As well as the Mets have played for the first 26 games of the 2016 season, it's not as though their quest has been too difficult thus far. Terry Collins's team has had a day off every week in addition to abundant matchups with opponents who are still building for the future. It's true, the Mets can only play the teams that are in front of them and have done a great job living up to lofty expectations during the first month of the campaign. However, the going gets tougher from here on out with fewer days of rest and more opponents with winning records.
One of those winning opponents is not the San Diego Padres, although the rad dads are coming off of back-to-back series wins over the Dodgers and Colorado. After the big risks taken by general manager A.J. Preller before the 2015 season failed to pay off, the team appears to be stuck in a purgatory between competing with older players and rebuilding with younger ones.
There are still talented stars like Wil Myers and James Shields on the San Diego roster, but with two of last year's biggest imports in Justin Upton and Craig Kimbrel now playing elsewhere, it's dubious that the 2016 version of the squad has what it takes to make noise in the crowded National League West.
Baseball is all about hope, though, and Padres fans still have plenty of reasons for that. For starters, Myers and Shields, two studs who were once traded for each other, are both playing pretty well. Myers is batting second and hitting .304/.339/.491 with five home runs, but he's doing so while playing first base. That's a big difference from hitting that way in the outfield, where San Diego imagined him playing when they acquired him in a December 2014 mega-trade that also involved new Mets backup catcher Rene Rivera.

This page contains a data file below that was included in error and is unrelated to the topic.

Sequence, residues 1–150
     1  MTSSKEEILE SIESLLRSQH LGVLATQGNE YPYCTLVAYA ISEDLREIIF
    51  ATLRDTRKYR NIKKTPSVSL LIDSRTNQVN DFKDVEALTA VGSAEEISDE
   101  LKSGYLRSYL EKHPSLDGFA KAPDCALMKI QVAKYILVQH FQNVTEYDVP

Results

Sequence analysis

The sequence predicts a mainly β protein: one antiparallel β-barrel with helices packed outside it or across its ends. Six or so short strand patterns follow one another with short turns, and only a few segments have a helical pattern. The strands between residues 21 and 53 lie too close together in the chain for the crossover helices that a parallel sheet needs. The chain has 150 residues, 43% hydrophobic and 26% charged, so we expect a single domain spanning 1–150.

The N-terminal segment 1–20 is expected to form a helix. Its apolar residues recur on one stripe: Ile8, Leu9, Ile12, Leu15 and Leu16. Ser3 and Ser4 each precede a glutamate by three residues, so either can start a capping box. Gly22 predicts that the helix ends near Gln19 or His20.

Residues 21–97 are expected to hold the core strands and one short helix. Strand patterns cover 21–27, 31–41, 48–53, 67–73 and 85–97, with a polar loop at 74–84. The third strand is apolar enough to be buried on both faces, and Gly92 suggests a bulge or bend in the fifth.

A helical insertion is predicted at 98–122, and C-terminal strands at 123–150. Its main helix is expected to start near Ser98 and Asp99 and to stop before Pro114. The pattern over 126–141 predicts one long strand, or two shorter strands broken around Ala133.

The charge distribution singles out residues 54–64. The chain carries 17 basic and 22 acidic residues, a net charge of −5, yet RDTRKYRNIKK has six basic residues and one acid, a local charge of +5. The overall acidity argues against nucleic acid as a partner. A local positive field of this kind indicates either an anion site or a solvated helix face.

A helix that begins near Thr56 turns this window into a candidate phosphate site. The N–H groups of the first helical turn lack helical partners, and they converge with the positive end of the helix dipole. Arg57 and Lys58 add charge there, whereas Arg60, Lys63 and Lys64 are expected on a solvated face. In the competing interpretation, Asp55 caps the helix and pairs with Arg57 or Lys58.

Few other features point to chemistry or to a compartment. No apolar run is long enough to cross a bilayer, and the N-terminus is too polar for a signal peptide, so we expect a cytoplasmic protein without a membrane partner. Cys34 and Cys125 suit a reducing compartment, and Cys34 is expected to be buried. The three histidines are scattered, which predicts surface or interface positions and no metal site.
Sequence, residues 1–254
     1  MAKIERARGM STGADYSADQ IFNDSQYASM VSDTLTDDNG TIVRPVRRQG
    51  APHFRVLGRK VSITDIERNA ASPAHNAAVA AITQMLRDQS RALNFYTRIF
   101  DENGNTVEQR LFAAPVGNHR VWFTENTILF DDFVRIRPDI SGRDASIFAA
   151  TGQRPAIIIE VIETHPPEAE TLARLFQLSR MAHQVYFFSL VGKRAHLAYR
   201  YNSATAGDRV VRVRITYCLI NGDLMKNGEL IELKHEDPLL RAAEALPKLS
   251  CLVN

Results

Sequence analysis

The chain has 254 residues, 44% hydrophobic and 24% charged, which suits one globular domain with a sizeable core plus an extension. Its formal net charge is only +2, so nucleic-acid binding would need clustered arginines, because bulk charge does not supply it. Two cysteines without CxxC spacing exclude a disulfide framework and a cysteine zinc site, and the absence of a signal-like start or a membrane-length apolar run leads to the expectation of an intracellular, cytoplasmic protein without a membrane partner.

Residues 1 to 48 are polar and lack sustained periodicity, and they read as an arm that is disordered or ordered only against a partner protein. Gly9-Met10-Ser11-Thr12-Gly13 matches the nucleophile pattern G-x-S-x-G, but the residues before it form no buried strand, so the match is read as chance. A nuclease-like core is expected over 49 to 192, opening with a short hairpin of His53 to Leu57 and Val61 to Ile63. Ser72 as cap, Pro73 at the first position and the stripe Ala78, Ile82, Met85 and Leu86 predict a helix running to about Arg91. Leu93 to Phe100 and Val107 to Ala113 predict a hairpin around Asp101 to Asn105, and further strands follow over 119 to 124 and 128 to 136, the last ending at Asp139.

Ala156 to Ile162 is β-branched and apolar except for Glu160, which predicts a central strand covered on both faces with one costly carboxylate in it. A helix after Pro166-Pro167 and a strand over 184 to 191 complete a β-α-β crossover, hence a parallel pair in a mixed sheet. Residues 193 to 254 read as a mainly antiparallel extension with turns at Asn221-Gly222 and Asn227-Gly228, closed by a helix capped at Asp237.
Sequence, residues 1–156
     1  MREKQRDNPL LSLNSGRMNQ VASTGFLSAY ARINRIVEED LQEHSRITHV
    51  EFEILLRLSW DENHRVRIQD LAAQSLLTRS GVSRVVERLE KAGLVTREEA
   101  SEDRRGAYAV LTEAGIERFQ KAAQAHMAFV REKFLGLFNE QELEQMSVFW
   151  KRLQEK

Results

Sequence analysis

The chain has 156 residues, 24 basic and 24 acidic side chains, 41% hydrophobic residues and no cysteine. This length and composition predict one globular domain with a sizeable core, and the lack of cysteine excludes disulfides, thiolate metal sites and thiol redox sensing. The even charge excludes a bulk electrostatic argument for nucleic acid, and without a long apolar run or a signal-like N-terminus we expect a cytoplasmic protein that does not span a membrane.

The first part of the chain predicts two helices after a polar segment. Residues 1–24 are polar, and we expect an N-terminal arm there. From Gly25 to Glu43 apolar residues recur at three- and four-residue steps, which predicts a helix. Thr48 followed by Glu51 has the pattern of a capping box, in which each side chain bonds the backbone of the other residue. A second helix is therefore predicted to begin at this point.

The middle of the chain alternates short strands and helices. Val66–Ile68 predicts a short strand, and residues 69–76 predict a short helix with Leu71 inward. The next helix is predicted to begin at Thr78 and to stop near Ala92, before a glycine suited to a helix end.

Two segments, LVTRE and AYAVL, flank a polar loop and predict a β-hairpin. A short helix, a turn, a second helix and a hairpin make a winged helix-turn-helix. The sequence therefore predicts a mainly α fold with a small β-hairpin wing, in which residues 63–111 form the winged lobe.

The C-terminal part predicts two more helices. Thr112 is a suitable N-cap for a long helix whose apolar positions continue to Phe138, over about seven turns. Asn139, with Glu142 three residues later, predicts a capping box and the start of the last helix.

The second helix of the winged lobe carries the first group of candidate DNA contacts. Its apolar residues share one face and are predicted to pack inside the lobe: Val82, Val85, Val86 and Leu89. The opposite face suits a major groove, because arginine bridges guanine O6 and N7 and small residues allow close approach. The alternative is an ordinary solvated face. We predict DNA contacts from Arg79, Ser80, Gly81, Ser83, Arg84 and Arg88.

Shields, meanwhile, is only striking out six batters per nine innings so far, but he's doing so while maintaining a 3.23 ERA with just two runs allowed total in his last two starts. If the veteran right-hander's strikeout rate stays so low, it will be interesting to see if he can continue anchoring a Padres rotation that just lost southpaw Robbie Erlin to Tommy John surgery.
Helping to buoy the pitching staff has been Drew Pomeranz, the talented lefty who was acquired from Oakland in exchange for first baseman Yonder Alonso over the offseason. As a former fifth overall draft pick, Pomeranz has always had the stuff he's needed to shine, but harnessing his power was an issue when he started his career in Colorado. A move to Oakland helped straighten him out a bit, although the Athletics still used him as both a reliever and a starter over the past two seasons. Now as a 27-year-old with the Padres, Pomeranz is getting a shot at being a full-time starter again and making the most of it with 36 strikeouts in 29 innings. He's still walking too many batters, but with a 2.48 ERA and 2.83 FIP, the Padres have to be happy with the results so far.